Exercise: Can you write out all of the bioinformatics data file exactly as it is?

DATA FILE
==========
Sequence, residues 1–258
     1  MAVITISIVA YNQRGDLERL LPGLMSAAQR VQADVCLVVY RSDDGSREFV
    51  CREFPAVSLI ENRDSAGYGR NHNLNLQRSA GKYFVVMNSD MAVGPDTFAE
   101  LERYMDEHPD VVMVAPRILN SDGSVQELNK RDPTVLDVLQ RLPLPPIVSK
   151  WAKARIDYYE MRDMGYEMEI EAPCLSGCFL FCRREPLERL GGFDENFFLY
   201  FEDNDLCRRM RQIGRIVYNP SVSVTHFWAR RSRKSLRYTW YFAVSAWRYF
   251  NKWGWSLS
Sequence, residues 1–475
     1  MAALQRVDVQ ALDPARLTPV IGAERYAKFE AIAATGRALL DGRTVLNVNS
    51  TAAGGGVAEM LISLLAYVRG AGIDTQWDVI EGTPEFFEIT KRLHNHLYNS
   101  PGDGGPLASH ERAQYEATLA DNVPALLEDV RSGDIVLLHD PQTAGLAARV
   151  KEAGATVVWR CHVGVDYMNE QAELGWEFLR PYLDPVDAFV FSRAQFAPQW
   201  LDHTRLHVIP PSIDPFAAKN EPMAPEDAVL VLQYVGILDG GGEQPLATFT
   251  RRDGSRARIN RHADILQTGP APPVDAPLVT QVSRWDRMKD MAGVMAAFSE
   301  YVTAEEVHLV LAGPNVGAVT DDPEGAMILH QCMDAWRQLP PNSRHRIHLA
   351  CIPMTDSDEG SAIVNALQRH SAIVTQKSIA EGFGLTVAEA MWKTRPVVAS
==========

Sequence, residues 1–258
     1  MAVITISIVA YNQRGDLERL LPGLMSAAQR VQADVCLVVY RSDDGSREFV
    51  CREFPAVSLI ENRDSAGYGR NHNLNLQRSA GKYFVVMNSD MAVGPDTFAE
   101  LERYMDEHPD VVMVAPRILN SDGSVQELNK RDPTVLDVLQ RLPLPPIVSK
   151  WAKARIDYYE MRDMGYEMEI EAPCLSGCFL FCRREPLERL GGFDENFFLY
   201  FEDNDLCRRM RQIGRIVYNP SVSVTHFWAR RSRKSLRYTW YFAVSAWRYF
   251  NKWGWSLS
Sequence, residues 1–475
     1  MAALQRVDVQ ALDPARLTPV IGAERYAKFE AIAATGRALL DGRTVLNVNS
    51  TAAGGGVAEM LISLLAYVRG AGIDTQWDVI EGTPEFFEIT KRLHNHLYNS
   101  PGDGGPLASH ERAQYEATLA DNVPALLEDV RSGDIVLLHD PQTAGLAARV
   151  KEAGATVVWR CHVGVDYMNE QAELGWEFLR PYLDPVDAFV FSRAQFAPQW
   201  LDHTRLHVIP PSIDPFAAKN EPMAPEDAVL VLQYVGILDG GGEQPLATFT
   251  RRDGSRARIN RHADILQTGP APPVDAPLVT QVSRWDRMKD MAGVMAAFSE
   301  YVTAEEVHLV LAGPNVGAVT DDPEGAMILH QCMDAWRQLP PNSRHRIHLA
   351  CIPMTDSDEG SAIVNALQRH SAIVTQKSIA EGFGLTVAEA MWKTRPVVAS